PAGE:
Home Front - the civilian war effort

Rationing

The Ministry of Food was responsible for the distribution of food and the regulation of prices. During the 'Battle of the Atlantic', 500,000 tons of imported food was lost.  Only essential supplies could be sent by sea - luxury goods were banned.

Rationing was introduced on 8 January 1940.  Butter, bacon, ham and sugar were restricted first then meat, cooking fats, tea, cheese, jam, sweets and eggs were rationed in stages over the next two years.

The rationing of food ensured everyone got their share of the things that would keep them fit and healthy.  Advice on nutrition and how to make your rations go further was issued in leaflets and demonstrations were given either in shops or mobile kitchens. 

Everyone was issued with a ration book for food and clothing. When you got your book you would register with your local shop and that was the only shop you would be able to use for your shopping.  Each time you bought your week's rations, the shopkeeper would cross off the amount in your ration book. Eggs were one of the things that became very difficult to get and a week's ration for an adult was one egg. Dried eggs became available later on - mixed with water they were used instead of fresh shell eggs.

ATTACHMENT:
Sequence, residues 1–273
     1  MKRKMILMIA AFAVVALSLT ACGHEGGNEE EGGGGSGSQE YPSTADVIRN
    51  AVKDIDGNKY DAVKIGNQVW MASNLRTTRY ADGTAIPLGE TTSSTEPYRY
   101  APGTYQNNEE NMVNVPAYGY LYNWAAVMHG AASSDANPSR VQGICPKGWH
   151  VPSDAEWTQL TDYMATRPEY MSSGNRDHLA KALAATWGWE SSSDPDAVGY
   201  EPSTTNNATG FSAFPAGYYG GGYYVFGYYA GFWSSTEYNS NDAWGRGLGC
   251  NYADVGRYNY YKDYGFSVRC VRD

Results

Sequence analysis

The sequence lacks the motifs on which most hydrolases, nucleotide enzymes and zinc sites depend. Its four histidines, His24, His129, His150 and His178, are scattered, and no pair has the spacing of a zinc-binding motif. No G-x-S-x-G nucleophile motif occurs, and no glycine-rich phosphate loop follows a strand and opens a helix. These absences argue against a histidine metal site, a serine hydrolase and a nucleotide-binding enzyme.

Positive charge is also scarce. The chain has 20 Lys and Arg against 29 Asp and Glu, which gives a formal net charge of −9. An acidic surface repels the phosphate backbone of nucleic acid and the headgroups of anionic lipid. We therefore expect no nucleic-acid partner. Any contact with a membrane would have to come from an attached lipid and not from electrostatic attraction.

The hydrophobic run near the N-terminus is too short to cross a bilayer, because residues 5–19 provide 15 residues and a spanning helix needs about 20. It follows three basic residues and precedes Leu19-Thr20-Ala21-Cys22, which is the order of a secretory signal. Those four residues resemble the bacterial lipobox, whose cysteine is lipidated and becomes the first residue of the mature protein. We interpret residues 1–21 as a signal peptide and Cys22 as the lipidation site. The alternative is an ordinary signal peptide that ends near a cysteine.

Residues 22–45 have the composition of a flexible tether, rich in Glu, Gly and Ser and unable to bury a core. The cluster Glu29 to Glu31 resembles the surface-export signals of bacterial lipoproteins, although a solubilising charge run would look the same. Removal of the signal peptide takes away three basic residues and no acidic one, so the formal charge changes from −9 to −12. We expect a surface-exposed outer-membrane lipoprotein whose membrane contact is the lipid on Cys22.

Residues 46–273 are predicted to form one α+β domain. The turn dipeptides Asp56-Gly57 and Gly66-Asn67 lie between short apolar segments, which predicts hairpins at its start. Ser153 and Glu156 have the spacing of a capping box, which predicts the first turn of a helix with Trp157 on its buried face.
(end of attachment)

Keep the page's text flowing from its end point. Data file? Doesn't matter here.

Looking at the food chart above -

  • What items were for children only?
  • What items are special supplies and who are they for?

Have a go at the 'Weekly Menu Quiz' and the 'Family Rations Quizzes' below. You can also make up your own quiz based on your family to see how much food you would have been rationed during the war.

 




 
Document icon Learning article provided by: World of James Herriot | 
This content is licensed under Creative Commons BY NC SA

Accessibility Statement | Terms of Use | Site Map

Copyright © My Learning 2017. All Rights Reserved

Website by: Grapple